Tuesday, November 29, 2022

Privacy Consent on FHIR - looking for initial feedback

IHE has agreed to work on the Privacy Consent on FHIR implementation guide. This is the work that I hinted at in IHE FHIR Privacy Consent IG. I am so happy that it won't be called BPPCm, although I am not all that happy with "FHIR" in the name as the name should invoke an understanding of the problem being solved, not the solution. But we tried out many alternatives and "PCF" seemed best.

I have started work on the implementation guide. You can follow the github repo, or the CI build. There is not much to look at right now, but by the time you read this article I might be much further along.

I have some questions and request some feedback...


Stepping Stone Maturity Levels

I have often considered Privacy Consent to be something for which one approaches with some stepping stones. The ultimate Privacy Consent features are actually very complex, and truthfully impossible to reach. Certainly impossible to reach in one step. So I have built in some "stepping stones", I have heard others ask for "maturity levels". However you call it, there are simple use-cases and increasingly more complex. The simple use-case "should not" be acceptable to anyone, but starting simple gets the infrastructure started and ready for the next step.

The FHIR Consent gives us some easy ways to encode rules around Permit or Deny. The Consent is not really the complexity, more the enforcement is the complexity.

So I have come up with four levels, each builds upon the prior:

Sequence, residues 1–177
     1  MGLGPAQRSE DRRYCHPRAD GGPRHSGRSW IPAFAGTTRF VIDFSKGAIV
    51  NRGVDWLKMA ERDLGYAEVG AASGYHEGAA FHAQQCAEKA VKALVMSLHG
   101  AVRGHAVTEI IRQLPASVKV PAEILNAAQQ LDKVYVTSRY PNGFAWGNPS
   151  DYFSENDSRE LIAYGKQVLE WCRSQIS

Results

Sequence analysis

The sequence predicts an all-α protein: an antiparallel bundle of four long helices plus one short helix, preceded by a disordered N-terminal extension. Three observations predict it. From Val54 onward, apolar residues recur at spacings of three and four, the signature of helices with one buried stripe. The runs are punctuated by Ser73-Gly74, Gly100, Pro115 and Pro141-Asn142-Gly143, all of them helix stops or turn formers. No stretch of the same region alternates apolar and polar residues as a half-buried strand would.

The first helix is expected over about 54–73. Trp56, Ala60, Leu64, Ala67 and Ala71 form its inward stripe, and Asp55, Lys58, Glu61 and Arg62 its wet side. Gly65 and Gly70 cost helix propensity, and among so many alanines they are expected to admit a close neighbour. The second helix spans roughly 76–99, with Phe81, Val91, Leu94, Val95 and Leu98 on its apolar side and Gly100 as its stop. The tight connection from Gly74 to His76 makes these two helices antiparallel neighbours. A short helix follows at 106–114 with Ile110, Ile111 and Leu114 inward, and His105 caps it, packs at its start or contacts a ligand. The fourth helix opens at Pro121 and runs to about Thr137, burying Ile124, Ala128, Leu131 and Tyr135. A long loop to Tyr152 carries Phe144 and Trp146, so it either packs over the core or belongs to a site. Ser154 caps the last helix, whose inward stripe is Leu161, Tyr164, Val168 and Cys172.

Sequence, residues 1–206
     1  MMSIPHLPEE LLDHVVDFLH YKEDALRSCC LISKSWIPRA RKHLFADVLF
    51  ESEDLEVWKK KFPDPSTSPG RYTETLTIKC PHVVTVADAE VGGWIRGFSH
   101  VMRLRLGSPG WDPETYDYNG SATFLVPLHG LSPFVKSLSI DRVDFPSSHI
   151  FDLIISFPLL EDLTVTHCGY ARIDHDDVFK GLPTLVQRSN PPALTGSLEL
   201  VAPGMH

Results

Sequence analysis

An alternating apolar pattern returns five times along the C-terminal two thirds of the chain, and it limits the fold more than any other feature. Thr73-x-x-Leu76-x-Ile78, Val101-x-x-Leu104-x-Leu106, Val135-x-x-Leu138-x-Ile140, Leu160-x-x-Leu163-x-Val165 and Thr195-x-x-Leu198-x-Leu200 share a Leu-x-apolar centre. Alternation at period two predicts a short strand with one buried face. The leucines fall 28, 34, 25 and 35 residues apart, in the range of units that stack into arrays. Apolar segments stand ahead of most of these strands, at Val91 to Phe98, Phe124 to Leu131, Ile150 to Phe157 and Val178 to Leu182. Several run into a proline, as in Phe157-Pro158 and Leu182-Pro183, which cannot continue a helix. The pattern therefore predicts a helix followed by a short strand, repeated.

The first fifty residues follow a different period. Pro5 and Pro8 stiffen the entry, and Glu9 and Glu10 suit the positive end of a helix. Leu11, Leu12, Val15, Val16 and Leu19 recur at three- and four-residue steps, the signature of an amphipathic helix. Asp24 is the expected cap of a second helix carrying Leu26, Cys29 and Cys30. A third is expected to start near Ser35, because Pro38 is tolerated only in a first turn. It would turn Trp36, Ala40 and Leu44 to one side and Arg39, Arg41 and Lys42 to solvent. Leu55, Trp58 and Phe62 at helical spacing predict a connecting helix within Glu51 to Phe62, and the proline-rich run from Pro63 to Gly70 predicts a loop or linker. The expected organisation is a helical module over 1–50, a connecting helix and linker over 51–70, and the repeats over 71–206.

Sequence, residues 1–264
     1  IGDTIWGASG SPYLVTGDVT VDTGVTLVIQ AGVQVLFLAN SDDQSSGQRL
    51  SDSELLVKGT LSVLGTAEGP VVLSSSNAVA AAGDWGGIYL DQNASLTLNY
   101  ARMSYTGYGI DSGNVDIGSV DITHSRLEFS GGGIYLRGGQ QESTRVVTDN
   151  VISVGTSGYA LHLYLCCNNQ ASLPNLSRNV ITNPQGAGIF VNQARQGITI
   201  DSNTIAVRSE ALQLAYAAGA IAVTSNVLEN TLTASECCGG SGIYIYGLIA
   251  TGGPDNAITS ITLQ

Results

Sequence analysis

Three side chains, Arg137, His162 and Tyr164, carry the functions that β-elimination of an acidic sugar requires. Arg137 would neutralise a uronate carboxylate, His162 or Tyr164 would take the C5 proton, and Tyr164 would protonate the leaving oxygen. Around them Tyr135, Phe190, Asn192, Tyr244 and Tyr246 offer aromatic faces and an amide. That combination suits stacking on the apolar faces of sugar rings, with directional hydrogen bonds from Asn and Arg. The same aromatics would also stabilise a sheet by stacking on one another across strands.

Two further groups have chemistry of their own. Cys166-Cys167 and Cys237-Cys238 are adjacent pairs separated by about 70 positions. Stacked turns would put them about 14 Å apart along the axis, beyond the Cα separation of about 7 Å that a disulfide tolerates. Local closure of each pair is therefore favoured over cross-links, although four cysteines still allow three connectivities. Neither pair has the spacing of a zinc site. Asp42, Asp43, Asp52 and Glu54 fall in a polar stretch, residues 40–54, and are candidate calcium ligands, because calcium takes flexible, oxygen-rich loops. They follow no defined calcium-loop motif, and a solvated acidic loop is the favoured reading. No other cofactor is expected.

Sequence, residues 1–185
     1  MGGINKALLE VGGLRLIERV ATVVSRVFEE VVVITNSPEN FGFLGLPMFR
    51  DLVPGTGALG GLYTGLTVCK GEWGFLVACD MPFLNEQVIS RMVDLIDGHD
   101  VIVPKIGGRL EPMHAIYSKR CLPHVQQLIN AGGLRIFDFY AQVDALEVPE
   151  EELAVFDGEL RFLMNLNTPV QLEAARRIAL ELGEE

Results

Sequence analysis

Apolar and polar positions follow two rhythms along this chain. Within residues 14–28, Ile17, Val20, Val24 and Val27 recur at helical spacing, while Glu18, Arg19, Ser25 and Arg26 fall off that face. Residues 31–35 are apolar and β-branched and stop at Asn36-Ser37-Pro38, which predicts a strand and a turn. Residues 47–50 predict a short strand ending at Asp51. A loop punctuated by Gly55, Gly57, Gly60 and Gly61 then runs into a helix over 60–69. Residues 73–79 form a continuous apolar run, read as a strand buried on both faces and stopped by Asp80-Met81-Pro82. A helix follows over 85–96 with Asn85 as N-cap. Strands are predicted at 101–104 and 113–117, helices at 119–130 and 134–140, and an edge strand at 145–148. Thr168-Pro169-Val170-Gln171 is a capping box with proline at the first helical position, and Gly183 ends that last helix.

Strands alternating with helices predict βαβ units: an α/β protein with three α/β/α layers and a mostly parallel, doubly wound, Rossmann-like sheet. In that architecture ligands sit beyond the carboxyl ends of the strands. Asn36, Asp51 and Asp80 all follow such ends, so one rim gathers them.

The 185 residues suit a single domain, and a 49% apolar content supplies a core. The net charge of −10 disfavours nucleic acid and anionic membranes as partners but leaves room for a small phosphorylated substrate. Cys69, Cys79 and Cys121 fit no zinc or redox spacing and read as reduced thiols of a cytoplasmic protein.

1. Implicit Consent -- simply that a system declares that it can handle a default policy to be used when there is no Consent on file. This default policy support would include: deny all, deny except for break-glass, permit for treatment only, permit for any otherwise authorized.
  2. Explicit Basic Consent -- support for explicit Consent with a few patient specific parameters to enable the Consent to identify specific agents that can/can't access for a small number of purposeOfUse, and where the data to be protected can be identified directly or by timeframe of authorship. 
  3. Explicit Intermediate Consent -- support for named PurposeOfUse research projects, data identified by author of that data, and data identified by relationship to identified objects such as an Encounter or CarePlan.
  4. Explicit Advanced Consent -- Support for data sensitivity tagging. This requires implementation of a Security Labeling Service, but does not define an Actor for this. The expectation is that a Security Labeling Service is a more intimate systems-design, and would not likely be implemented as an abstract Actor. This approach allows for multiple architectures.

As I indicated in my proposal, I think there are maturity beyond this that eventually might be approachable. But at this time these far more advanced use-cases are not realistic. Most interesting to me are the ability to propagate residual obligations and refrains. So my intent is to focus on these approachable solutions, and work on the use-cases beyond later. I know that there are real use-cases that need more, I am just looking to make progress. 

Note that even these stepping stones might not be reasonable... so please let me know what you think.


Actor gymnastics

The Actors involved in capturing consent are very simple. This is simply a RESTful interface of Create, Read, Update, Delete, and Search. The Consent resource will be profiled for the stepping stones, but that is also rather simple FHIR profiling.

The hard part is diagramming how a participating FHIR Client application doing typical FHIR REST interactions with a participating FHIR Server can be enhanced such that the Client will not get any


data that it should not get. The systems design engineer in me wants to show the systems design, but this is not the diagram modeling of abstract actors. Add to this that the likely solution for this is to use OAuth, which is already very complex diagramming at the system level.

I tend to want to separate the Actor that will make the Access Control decision based on the Consent, from the Actor that will enforce that decision. This is a typical abstraction in Access Control, and is also fundamental to oAuth. But it makes for really strange abstract Actors.